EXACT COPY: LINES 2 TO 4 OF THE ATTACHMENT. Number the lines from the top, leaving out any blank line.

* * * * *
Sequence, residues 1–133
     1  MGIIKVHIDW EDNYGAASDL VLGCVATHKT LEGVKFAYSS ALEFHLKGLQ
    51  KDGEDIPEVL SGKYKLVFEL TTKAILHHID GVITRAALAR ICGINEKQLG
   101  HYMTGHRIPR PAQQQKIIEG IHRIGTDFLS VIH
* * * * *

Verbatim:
     1  MGIIKVHIDW EDNYGAASDL VLGCVATHKT LEGVKFAYSS ALEFHLKGLQ
    51  KDGEDIPEVL SGKYKLVFEL TTKAILHHID GVITRAALAR ICGINEKQLG
   101  HYMTGHRIPR PAQQQKIIEG IHRIGTDFLS VIH